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The Ngorongoro Conservation Area (809,440 ha) spans vast expanses of highland plains, savanna, savanna woodlands and forests, from the plains of the Serengeti National Park in the north-west, to the eastern arm of the Great Rift Valley. The area was established in 1959 as a multiple land use area, with wildlife coexisting with semi-nomadic Maasai pastorals practicing traditional livestock grazing. It includes the spectacular Ngorongoro Crater, the world largest caldera, and Olduvai Gorge, a 14km long deep ravine. The property has global importance for biodiversity conservation in view of the presence of globally threatened species such as the black Rhino, the density of wildlife inhabiting the Ngorongoro Crater and surrounding areas throughout the year, and the annual migration of wildebeest in the Southern part (Ndutu Area), zebra, Thompson and Grants gazelles and other ungulates into the northern plains.

Ngorongoro Crater/Caldera

The Best part of the conservation area is the Ngorongoro Crater which was created when a large volcano exploded and collapsed on itself two to three million years ago. It was declared a UNESCO World Heritage Site in 1978 and is the largest intact volcanic caldera in the world.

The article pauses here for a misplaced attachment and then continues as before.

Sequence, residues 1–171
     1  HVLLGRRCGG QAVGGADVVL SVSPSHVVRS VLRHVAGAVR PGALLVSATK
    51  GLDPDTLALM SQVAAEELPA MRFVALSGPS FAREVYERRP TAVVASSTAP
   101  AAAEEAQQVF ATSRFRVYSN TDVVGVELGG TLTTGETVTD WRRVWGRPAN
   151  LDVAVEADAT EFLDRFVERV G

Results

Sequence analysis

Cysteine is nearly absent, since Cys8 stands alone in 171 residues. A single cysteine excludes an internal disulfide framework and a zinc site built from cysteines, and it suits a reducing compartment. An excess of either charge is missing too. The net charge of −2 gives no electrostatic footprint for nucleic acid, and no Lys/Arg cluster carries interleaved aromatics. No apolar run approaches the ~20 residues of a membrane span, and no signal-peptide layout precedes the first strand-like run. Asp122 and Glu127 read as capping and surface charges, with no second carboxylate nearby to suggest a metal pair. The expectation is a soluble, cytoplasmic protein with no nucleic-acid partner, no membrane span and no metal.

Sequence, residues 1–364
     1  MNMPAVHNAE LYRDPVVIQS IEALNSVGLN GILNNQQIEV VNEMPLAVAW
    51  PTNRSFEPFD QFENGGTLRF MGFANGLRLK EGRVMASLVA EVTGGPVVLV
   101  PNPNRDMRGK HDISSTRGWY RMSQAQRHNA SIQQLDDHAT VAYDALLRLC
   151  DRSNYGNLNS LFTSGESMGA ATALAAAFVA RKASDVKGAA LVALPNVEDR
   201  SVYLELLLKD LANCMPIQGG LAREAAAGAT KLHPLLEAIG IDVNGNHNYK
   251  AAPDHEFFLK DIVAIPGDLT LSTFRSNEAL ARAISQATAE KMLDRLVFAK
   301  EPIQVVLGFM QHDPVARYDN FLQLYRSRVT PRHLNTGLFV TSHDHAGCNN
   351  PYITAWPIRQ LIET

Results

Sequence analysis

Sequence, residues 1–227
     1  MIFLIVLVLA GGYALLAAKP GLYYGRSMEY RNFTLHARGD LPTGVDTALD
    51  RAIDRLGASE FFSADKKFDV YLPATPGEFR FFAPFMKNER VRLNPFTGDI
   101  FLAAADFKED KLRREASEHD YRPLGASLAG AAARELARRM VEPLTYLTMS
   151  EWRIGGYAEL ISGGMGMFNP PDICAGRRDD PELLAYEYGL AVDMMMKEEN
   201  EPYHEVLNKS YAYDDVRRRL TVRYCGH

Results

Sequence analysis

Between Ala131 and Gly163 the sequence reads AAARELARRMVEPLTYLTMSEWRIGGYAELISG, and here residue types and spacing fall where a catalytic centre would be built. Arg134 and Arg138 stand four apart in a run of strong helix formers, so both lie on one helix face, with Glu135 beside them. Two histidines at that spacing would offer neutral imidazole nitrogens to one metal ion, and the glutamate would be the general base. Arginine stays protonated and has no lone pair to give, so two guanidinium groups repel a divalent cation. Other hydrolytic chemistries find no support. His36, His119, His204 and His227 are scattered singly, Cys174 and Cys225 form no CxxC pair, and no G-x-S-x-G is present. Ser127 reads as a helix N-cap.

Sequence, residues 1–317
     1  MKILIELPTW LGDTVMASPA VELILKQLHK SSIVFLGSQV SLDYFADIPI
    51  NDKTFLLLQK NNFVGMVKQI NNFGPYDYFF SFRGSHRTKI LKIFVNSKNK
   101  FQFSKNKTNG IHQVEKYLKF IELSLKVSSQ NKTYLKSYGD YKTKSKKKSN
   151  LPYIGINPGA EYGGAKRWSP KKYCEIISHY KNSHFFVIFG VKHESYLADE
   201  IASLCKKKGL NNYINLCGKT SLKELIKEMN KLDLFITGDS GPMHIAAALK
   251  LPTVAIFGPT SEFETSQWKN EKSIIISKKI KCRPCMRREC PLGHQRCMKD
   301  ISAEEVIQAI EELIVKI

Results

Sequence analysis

It measures about 16-19km in diameter, with walls of 400-610m in height. Due to the enclosed nature of the Crater it has virtually formed its own ecosystem. Besides the stunning scenery, one of the main attractions of this area is the variety of flora and fauna found in a remarkably compact area all year round. In the South west corner there is the Lerai Forest, which is mainly comprised of yellow fever trees (a member of the acacia family). To the north of the forest is a shallow soda lake called Lake Magadi and to the east you will find Gorigor Swamp and the Ngoitokitok Springs where pods of hippo are to be found. The north of the Crater is, on the whole, much drier and consists of the open grasslands which characterized the Crater floor.